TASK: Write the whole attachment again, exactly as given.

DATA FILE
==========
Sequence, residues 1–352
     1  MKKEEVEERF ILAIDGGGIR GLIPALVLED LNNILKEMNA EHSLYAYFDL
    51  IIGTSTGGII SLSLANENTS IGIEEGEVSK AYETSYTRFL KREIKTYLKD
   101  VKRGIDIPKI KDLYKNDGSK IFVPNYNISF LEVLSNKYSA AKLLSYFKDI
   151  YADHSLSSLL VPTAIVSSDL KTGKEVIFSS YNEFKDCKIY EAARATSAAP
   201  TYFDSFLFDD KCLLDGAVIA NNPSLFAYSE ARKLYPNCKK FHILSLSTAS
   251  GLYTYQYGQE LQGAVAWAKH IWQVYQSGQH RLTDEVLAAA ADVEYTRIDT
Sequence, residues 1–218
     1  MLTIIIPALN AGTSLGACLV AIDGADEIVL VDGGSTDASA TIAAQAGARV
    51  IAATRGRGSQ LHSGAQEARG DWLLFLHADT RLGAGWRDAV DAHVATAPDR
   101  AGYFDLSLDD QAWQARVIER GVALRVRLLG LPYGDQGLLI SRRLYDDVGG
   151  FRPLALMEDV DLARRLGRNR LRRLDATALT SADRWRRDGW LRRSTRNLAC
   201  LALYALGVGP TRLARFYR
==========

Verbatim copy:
Sequence, residues 1–352
     1  MKKEEVEERF ILAIDGGGIR GLIPALVLED LNNILKEMNA EHSLYAYFDL
    51  IIGTSTGGII SLSLANENTS IGIEEGEVSK AYETSYTRFL KREIKTYLKD
   101  VKRGIDIPKI KDLYKNDGSK IFVPNYNISF LEVLSNKYSA AKLLSYFKDI
   151  YADHSLSSLL VPTAIVSSDL KTGKEVIFSS YNEFKDCKIY EAARATSAAP
   201  TYFDSFLFDD KCLLDGAVIA NNPSLFAYSE ARKLYPNCKK FHILSLSTAS
   251  GLYTYQYGQE LQGAVAWAKH IWQVYQSGQH RLTDEVLAAA ADVEYTRIDT
Sequence, residues 1–218
     1  MLTIIIPALN AGTSLGACLV AIDGADEIVL VDGGSTDASA TIAAQAGARV
    51  IAATRGRGSQ LHSGAQEARG DWLLFLHADT RLGAGWRDAV DAHVATAPDR
   101  AGYFDLSLDD QAWQARVIER GVALRVRLLG LPYGDQGLLI SRRLYDDVGG
   151  FRPLALMEDV DLARRLGRNR LRRLDATALT SADRWRRDGW LRRSTRNLAC
   201  LALYALGVGP TRLARFYR